What is a Panorex?
A panoramic radiograph is a panoramic scanning dental X-ray of the upper and lower jaw. It shows a two-dimensional view of a half-circle from ear to ear. Panoramic radiography is a form of focal plane tomography; thus, images of multiple planes are taken to make up the composite panoramic image, where the maxilla and mandible are in the focal trough and the structures that are superficial and deep to the trough are blurred.
Other nonproprietary names for a panoramic radiograph are dental panoramic radiograph and pantomogram; Abbreviations include PAN, DPR, OPT, and OPG (the latter, based on genericizing a trade name, are often avoided in medical editing).
What are some of the Advantages?
Broad coverage of facial bone and teeth
Low patient radiation dose
Convenience of examination for the patient (films need not be placed inside the mouth)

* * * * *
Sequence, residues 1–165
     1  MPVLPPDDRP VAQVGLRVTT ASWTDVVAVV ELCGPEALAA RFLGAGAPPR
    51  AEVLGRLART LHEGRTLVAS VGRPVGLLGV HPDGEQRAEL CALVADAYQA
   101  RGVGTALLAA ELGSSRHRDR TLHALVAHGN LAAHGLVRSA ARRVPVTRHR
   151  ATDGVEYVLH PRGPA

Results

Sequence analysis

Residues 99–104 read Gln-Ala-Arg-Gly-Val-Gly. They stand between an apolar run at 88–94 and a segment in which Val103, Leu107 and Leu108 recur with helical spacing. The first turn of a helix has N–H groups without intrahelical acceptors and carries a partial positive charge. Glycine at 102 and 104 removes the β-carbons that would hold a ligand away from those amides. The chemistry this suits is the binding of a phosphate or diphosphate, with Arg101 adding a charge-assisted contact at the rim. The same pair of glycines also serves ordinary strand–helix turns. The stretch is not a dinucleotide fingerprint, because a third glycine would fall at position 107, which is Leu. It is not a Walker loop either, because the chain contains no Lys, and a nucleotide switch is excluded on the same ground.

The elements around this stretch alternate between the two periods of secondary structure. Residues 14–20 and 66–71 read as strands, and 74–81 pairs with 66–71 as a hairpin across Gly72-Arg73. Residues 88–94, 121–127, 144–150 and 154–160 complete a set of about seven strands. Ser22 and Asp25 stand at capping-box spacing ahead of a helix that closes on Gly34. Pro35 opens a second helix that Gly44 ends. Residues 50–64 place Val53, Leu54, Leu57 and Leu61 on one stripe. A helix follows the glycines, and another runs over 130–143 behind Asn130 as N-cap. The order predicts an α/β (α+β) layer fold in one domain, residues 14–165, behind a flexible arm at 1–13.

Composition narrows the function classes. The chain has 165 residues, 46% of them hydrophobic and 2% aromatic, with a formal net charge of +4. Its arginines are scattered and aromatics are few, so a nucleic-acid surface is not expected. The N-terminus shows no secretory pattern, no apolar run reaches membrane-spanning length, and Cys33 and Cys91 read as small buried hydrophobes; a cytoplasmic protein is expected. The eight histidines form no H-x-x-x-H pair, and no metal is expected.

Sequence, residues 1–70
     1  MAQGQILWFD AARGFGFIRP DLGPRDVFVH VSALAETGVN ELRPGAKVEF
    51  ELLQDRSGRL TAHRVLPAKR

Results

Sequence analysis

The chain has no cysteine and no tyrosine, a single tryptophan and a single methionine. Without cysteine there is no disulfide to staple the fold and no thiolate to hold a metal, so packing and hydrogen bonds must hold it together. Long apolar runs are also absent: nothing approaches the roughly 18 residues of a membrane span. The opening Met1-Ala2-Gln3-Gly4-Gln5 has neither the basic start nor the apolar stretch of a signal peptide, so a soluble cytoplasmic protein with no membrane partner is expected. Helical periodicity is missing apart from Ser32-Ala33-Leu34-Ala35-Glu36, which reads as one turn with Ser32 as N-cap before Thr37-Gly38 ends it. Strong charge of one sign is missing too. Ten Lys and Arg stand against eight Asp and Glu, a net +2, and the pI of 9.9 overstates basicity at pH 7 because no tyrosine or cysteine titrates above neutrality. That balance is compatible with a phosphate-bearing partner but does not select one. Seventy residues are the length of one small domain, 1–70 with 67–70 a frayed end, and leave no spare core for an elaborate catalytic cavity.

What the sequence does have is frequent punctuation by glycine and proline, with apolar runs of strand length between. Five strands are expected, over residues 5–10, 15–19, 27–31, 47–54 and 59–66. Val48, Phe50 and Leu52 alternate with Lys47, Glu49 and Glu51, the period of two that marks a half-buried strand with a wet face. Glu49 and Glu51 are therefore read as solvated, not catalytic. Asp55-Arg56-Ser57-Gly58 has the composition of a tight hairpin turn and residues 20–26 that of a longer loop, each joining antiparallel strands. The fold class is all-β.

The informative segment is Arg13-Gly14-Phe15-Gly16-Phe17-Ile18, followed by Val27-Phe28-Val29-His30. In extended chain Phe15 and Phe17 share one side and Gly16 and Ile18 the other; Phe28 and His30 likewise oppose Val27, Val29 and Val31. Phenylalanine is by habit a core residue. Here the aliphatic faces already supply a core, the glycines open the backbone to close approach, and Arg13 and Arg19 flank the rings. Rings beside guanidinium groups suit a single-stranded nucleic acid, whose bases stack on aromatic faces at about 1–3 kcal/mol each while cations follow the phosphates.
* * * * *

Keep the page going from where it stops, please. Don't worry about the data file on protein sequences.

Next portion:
Ability to be used in patients who cannot open the mouth or when the opening is restricted e.g.: due to trismus
Short time required for making the image
Patient's ready understandability of panoramic films, making them a useful visual aid in patient education and case presentation.
Easy to store compared to the large set of intra oral x-rays which are typically used.
Like any medical imaging utilizing ionizing radiation, there will be a minute degree of direct ionizing damage and indirect damage from free radicals created during the ionization of water molecules within cells. A rough estimate of the risk of fatal cancer from a panoramic radiograph is about 1 in 20,000,000. The age of the person being imaged also alters the risk, with younger people having a slightly higher risk. E.g. the 1 in 10,000,000 risk would be doubled for someone in the 1-10 age group.